That would suck, and I think we would all agree that we would hate it.  When you kill a player, all effects they still have on the game go with them.  That’s as fundamental to Magic as tapping cards.  I get that Wizards needs to push into new design spaces and find new ways to make the game interesting, but this is a dangerous precedent.  I propose you have a long, serious talk with your playgroups about this mechanic, and how dangerous it can be.  I suggest house-ruling it that the crown can only change hands a certain number of times before it has to be achieved again, or that if the player who first brought it into play dies, it’s gone no matter who has it at the time.  That would add a little pressure to the table, but not overwhelm it.  The current holder of the crown would have to decide between protecting herself or keeping the originator alive a little while longer.  This is what a mechanic like this should do.  Instead, this is going to warp EDH tables into an unfun place.

Now, back to a positive.  New Grenzo and new Daretti are hot.  Like, volcanic hot.  And not just because they’re setting fires to things around the city.  Mono-red has become the best design space for legendary creatures lately, and Grenzo, Havoc Raiser is continuing that tradition nicely.  He needs to be aggressive to get his effect, but once it happens he turns into a serious control deck.  It’s a nice play by mono-red, and I have to decide if he gets his own deck or if he slides into my Jori En, Ruin Diver judo build.  The new Daretti gets a black mana symbol, and is lighting fires under Legacy players’ butts already.  At three mana, he’s curved nicely for Legacy, and all of his abilities will serve that format well.  I can’t see him getting a lot of play in EDH, but I certainly hope I’m wrong.  I plan to try to make him work, at the very least.

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Finally, I want to talk about something we’ve all sort of noticed in our Slack conversations recently.  Namely, that Commander is kind of bad.  Not the format, but the official decks that Wizards of the Coast releases.  The cards they design specifically for the format are woeful for the most part.  There are some that shine through, of course, but by and large they are not good…most especially the legendary creatures.  They are narrow, and focused on one build style, and are generally considered the most oppressive decks out there.  Derevi, Empyrial Tactician, Animar, Soul of Elements, Roon of the Hidden Realm, and Prossh, Skyraider of Kher are all top-tier legendary creatures and they all have very narrow deck designs built right in.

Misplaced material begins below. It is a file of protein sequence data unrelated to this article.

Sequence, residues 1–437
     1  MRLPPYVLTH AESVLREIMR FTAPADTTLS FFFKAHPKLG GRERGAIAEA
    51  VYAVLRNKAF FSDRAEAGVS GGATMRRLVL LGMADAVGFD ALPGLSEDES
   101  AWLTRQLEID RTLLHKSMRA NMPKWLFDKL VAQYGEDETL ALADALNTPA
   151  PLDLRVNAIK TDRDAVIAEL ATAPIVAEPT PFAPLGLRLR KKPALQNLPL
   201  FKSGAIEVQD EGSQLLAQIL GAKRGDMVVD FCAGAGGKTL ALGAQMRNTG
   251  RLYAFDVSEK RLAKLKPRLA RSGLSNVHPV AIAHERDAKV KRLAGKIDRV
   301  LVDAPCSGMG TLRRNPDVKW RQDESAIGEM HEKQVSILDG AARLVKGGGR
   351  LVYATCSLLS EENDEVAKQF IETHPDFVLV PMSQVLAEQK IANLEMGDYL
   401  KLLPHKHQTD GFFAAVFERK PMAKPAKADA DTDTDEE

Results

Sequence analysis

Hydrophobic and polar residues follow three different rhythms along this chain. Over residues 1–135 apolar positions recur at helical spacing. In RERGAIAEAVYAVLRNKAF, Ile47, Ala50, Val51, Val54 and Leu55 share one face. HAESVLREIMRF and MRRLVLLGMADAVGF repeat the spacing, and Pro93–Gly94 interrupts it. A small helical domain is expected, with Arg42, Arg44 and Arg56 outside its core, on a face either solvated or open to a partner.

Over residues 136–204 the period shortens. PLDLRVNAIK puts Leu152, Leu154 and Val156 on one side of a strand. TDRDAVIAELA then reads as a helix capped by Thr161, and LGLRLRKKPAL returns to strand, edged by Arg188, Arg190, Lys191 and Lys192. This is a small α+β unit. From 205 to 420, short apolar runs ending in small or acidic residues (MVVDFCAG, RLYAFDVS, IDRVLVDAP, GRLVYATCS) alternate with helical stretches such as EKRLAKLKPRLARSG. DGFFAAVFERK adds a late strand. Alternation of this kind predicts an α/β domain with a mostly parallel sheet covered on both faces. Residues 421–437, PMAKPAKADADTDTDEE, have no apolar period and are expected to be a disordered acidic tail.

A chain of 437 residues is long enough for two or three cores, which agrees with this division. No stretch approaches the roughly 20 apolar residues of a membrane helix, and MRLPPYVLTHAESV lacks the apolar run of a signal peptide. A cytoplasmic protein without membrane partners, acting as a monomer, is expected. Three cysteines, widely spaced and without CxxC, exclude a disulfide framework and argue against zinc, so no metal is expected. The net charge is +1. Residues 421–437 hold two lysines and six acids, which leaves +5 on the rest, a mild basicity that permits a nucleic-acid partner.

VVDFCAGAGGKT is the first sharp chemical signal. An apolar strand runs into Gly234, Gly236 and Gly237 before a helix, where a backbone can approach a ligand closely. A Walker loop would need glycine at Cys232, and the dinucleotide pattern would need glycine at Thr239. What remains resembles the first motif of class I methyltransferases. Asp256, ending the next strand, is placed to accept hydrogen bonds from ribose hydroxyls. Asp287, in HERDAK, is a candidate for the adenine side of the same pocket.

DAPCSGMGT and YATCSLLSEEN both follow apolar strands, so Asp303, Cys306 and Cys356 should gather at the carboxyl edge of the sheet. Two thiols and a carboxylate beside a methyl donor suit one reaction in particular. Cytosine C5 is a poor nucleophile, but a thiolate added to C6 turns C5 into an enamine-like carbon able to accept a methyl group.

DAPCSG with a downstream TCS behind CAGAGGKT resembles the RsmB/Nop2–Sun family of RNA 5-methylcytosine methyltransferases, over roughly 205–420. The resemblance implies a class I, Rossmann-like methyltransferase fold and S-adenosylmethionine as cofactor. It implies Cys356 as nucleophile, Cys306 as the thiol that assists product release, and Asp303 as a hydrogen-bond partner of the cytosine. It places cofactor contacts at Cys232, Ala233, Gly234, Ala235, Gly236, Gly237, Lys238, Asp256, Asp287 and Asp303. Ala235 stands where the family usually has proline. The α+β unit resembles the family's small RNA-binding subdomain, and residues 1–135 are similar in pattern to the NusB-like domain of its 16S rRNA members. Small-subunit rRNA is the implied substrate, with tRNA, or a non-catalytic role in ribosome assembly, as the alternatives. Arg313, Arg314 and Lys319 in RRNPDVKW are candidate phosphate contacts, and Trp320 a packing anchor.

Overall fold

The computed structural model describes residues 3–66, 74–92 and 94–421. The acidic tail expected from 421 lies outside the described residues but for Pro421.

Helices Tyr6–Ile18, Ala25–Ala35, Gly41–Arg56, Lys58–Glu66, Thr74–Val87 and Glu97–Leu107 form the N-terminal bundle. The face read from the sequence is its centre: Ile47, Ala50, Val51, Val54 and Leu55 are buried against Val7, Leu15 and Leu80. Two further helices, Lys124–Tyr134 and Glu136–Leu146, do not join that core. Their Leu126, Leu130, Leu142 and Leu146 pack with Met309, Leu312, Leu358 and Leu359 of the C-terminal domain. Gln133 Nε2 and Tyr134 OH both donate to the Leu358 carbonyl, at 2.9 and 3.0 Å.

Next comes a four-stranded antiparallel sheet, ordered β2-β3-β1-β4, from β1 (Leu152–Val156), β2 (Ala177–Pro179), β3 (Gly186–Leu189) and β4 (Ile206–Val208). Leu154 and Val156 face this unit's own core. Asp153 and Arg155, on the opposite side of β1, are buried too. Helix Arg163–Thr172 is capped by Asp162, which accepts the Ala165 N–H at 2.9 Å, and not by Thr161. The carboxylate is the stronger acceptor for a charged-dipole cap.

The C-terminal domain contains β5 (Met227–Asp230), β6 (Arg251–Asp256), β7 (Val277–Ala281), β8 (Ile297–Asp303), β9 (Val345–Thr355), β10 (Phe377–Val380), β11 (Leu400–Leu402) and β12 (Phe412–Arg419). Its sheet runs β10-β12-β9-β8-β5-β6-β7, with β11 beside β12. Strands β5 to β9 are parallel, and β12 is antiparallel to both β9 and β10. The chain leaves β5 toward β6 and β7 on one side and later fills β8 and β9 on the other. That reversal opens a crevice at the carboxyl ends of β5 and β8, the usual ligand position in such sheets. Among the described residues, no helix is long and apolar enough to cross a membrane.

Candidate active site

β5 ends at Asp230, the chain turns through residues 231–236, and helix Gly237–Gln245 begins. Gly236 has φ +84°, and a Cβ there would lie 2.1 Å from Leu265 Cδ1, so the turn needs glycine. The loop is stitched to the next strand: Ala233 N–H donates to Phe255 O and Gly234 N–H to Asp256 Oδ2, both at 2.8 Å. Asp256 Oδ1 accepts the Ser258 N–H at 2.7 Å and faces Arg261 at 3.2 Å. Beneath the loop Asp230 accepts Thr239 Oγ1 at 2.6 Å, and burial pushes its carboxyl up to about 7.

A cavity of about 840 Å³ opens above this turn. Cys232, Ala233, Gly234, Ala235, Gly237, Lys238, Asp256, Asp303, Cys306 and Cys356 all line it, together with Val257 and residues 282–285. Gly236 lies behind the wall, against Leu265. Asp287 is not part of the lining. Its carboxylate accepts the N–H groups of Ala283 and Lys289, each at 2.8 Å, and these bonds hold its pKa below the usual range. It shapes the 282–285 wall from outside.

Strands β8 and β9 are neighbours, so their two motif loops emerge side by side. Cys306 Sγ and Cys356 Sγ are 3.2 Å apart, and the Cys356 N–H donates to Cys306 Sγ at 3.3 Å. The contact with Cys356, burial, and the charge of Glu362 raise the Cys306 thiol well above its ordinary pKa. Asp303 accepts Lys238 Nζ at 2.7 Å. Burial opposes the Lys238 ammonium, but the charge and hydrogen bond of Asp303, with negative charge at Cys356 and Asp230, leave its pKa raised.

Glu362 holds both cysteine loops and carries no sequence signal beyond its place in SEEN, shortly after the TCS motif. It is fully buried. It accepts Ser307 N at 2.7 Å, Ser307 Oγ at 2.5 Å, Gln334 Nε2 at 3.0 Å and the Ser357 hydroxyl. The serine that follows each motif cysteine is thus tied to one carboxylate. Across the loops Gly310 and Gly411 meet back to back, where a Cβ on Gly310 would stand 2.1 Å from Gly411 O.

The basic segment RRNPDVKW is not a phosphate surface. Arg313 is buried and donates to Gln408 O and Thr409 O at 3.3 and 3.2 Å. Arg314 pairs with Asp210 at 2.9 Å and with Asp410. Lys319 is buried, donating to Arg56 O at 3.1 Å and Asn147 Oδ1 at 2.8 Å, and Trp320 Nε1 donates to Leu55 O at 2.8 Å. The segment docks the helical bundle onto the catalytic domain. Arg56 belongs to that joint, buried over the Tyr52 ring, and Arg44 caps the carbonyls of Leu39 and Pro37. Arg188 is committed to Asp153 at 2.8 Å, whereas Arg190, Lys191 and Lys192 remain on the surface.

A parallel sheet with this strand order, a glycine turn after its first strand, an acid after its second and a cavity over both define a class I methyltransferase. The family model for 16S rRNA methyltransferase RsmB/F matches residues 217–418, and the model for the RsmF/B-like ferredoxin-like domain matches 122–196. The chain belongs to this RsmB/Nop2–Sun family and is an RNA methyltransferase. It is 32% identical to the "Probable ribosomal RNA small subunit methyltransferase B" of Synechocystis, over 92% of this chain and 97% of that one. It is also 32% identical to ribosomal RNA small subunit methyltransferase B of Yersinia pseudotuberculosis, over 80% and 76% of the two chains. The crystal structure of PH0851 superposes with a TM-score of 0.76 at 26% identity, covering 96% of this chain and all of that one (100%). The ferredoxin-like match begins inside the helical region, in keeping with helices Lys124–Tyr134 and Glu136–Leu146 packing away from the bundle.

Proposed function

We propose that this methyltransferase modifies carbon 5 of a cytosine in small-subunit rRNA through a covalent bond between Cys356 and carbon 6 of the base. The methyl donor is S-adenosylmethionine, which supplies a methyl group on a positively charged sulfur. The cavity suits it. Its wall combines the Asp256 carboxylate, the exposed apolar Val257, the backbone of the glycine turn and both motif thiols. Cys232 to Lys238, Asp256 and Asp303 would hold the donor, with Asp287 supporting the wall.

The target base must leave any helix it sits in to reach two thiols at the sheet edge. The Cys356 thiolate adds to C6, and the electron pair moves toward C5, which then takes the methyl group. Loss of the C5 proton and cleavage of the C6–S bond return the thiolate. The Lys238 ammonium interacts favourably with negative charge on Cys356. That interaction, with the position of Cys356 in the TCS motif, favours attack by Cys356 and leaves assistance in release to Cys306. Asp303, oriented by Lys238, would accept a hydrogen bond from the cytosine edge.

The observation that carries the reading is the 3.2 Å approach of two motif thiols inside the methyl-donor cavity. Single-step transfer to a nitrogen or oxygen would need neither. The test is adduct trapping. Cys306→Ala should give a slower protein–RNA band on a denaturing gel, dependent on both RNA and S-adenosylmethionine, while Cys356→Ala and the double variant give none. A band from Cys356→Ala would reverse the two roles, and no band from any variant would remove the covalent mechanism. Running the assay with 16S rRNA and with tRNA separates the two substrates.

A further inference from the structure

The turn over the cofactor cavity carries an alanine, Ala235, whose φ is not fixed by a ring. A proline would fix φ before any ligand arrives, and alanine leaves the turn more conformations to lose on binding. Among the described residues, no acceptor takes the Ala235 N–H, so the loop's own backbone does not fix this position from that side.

Other side products, on the other hand, seem to have amazing pieces for EDH.  This Conspiracy set has a TON of great stuff in it – all of which I want to put into decks.  I’m going to be spending a lot of money on this set, and I may not even draft it ever.  Just buying singles to get the pieces I want for EDH will cost me a fortune.  And the reprints!  Desertion, Phyrexian Arena. And if rumours at the time of this writing are to be believed, Show and Tell.  SHOW AND TELL, people!

We discussed this disparity, and it really comes down to who they are designing these sets for.  The Commander pre-cons are designed to get new players into the format, so they need really big, flashy things in them that make people go “I want to do that!” and buy the decks.  They design for “battlecruiser Magic”, because that’s what they sell EDH as.

But Conspiracy is designed for fun, engaging multiplayer games.  So the cards they design for it are balanced, and well thought out, and will bring a lot of ‘politics’ to the table.  The vote mechanic from the last set was a good example, and the streamlined voting in this one is even better.  This set is designed to make multiplayer magic fun, and that is what we want in our EDH.  So the cards for this are perfect for that.